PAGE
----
The honor was West’s, and he led off for End Hole with a beautiful brassie drive that cleared the first two bunkers with room to spare. Whipple, for the first time in the round, drove poorly, toeing his ball badly, and dropping it almost off of the course and just short of the second bunker. West’s second drive was a loft over Halfway Bunker that fell fairly on the green and rolled within ten feet of the hole. From there, on the next shot, he holed out very neatly in eighteen. Whipple meanwhile had redeemed himself with a high lofting stroke that carried past the threatening dangers of Masters Bunker and back on to the course within a few yards of West’s lie. But again skill on the putting green was wanting, and he required two strokes to make the hole. Once more the honor was West’s, and that youth turned toward home with a short and high stroke. The subsequent hole left the score “the like” at 22, and the seventh gave Whipple, 25, West 26.
“But here’s where Mr. West takes the lead,” confided that young gentleman to Joel as they walked to the teeing ground. “From here to Lake Hole is four hundred and ninety-six yards, and I’m going to do it in three shots on to the green. You watch!”
Four hundred and ninety-odd yards is nothing out of the ordinary for an older player, but to a lad of seventeen it is a creditable distance to do in three drives. Yet that is what West did it in; and strange to relate, and greatly to that young gentleman’s surprise, Whipple duplicated the performance, and amid the excited whispers of the onlookers the two youths holed out on their next strokes; and the score still gave the odd to West—29 to 30.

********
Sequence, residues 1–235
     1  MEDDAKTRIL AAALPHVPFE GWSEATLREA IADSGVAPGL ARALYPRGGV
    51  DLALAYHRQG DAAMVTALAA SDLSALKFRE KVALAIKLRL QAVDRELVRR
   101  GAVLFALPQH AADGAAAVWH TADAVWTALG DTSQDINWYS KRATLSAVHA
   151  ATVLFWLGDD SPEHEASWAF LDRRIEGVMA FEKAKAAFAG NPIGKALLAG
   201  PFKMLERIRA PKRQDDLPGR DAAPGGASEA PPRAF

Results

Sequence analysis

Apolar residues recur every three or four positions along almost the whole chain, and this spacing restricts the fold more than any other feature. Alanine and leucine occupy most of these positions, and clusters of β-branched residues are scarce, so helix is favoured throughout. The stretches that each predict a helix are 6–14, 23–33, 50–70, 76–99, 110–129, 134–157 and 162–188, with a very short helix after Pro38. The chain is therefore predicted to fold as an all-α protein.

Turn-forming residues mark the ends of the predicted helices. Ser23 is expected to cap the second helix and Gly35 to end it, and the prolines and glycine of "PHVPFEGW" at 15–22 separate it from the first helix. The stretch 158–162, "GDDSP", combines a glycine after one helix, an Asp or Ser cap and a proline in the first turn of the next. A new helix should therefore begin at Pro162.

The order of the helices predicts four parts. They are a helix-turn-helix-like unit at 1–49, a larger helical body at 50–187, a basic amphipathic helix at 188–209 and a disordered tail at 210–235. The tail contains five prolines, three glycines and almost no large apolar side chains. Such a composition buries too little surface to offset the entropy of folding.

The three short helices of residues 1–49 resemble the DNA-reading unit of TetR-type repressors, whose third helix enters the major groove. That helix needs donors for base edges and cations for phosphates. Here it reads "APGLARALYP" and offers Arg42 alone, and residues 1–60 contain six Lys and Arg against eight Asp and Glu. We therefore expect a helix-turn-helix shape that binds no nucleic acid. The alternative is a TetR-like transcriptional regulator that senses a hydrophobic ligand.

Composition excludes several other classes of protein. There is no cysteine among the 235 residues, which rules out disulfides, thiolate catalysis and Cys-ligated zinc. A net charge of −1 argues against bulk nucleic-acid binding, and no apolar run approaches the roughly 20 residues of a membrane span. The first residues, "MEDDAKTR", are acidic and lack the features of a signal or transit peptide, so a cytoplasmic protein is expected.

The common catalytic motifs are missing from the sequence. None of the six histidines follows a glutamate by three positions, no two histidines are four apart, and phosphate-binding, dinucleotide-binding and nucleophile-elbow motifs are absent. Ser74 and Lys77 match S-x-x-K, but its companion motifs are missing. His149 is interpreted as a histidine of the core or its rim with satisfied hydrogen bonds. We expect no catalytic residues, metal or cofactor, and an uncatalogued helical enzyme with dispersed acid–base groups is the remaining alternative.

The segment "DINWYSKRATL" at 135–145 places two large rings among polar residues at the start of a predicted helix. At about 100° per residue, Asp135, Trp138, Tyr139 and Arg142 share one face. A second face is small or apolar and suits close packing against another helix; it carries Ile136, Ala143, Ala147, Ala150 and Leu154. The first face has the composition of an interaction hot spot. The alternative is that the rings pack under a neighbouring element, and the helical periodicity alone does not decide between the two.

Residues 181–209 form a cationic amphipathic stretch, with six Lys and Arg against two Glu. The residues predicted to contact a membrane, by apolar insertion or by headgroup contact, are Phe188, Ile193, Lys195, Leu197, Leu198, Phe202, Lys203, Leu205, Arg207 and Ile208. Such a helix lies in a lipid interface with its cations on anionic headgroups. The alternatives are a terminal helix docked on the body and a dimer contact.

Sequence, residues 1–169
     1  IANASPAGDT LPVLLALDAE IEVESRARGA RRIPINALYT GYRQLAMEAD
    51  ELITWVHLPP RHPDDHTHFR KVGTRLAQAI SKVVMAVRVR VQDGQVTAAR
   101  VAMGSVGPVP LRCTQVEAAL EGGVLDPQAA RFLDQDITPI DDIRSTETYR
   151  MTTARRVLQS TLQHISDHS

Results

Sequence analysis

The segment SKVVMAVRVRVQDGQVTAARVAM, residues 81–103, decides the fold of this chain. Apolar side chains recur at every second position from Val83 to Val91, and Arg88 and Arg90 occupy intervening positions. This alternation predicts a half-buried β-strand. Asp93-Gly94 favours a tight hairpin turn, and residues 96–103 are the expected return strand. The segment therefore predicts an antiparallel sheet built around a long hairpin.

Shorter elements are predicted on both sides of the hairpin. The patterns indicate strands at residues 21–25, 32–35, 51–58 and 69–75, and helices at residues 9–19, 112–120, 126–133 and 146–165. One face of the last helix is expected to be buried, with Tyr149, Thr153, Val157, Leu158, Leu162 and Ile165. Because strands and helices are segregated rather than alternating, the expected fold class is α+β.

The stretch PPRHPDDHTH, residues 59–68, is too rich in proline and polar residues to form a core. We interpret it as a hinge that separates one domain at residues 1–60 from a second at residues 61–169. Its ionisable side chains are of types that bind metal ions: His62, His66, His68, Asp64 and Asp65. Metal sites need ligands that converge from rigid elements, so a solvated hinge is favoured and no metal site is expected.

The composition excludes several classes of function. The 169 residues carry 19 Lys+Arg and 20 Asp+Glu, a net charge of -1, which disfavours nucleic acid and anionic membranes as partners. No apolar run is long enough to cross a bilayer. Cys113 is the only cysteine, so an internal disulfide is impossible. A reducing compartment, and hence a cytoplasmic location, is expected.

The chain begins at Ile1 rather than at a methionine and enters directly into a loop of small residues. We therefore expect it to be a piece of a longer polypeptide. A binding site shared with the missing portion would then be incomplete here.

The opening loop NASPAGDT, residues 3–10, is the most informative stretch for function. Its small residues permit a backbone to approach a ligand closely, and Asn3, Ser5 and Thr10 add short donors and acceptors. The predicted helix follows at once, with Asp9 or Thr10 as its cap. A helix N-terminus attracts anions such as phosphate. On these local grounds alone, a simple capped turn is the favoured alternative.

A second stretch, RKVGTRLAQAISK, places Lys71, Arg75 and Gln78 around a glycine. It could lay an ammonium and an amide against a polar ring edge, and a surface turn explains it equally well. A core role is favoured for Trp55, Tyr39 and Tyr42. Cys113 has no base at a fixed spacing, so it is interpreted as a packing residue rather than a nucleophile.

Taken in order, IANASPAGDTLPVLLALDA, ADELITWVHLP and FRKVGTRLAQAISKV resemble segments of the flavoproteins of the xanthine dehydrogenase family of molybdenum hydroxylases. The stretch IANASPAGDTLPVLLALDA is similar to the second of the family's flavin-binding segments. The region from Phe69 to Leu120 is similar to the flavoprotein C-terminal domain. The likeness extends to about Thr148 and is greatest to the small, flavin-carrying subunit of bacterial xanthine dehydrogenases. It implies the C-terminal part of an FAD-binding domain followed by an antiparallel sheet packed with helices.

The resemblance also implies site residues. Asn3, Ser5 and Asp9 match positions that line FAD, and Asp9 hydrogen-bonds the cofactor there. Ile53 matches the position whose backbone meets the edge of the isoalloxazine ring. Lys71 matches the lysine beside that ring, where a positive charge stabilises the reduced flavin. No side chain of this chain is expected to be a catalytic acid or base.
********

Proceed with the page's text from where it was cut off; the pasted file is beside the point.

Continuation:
“I didn’t think he could do it,” whispered West to Joel, “and that makes it look bad for your uncle Out. But never mind, my lad, there’s still Rocky Bunker ahead of us, and—” West did not complete his remark, but his face took on a very determined look as he teed his ball. The last hole was in sight, and victory hovered overhead.
Now, the distance from Lake Hole to the Home Hole is but a few yards over three hundred, and it can be accomplished comfortably in two long brassie drives. Midway lies The Hill, a small elevation rising from about the middle of the course to the river bluff, and there falling off sheer to the beach below. It is perhaps thirty yards across, and if the ball reaches it safely it forms an excellent place from which to make the second drive. So both boys tried for The Hill. Whipple landed at the foot of it, while West came plump upon the side some five yards from the summit, and his next drive took him cleanly over Rocky Bunker and to the right of the Home Green. But Whipple summoned discretion to his aid, and instead of trying to make the green on the next drive, played short, and landed far to the right of the Bunker. This necessitated a short approach, and by the time he had gained the green and was “made” within holing distance of the flag, the score was once more even, and the end was in sight.